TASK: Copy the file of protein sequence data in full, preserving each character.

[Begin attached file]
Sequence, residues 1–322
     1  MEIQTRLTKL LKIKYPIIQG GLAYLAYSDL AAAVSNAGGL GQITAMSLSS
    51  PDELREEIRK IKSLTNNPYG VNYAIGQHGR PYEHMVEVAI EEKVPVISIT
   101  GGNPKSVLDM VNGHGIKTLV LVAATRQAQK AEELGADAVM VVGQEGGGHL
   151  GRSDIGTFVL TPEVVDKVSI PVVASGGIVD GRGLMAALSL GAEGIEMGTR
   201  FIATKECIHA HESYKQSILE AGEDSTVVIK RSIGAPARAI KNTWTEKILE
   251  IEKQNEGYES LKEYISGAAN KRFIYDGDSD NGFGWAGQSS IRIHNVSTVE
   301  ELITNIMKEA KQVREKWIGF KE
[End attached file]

Sequence, residues 1–322
     1  MEIQTRLTKL LKIKYPIIQG GLAYLAYSDL AAAVSNAGGL GQITAMSLSS
    51  PDELREEIRK IKSLTNNPYG VNYAIGQHGR PYEHMVEVAI EEKVPVISIT
   101  GGNPKSVLDM VNGHGIKTLV LVAATRQAQK AEELGADAVM VVGQEGGGHL
   151  GRSDIGTFVL TPEVVDKVSI PVVASGGIVD GRGLMAALSL GAEGIEMGTR
   201  FIATKECIHA HESYKQSILE AGEDSTVVIK RSIGAPARAI KNTWTEKILE
   251  IEKQNEGYES LKEYISGAAN KRFIYDGDSD NGFGWAGQSS IRIHNVSTVE
   301  ELITNIMKEA KQVREKWIGF KE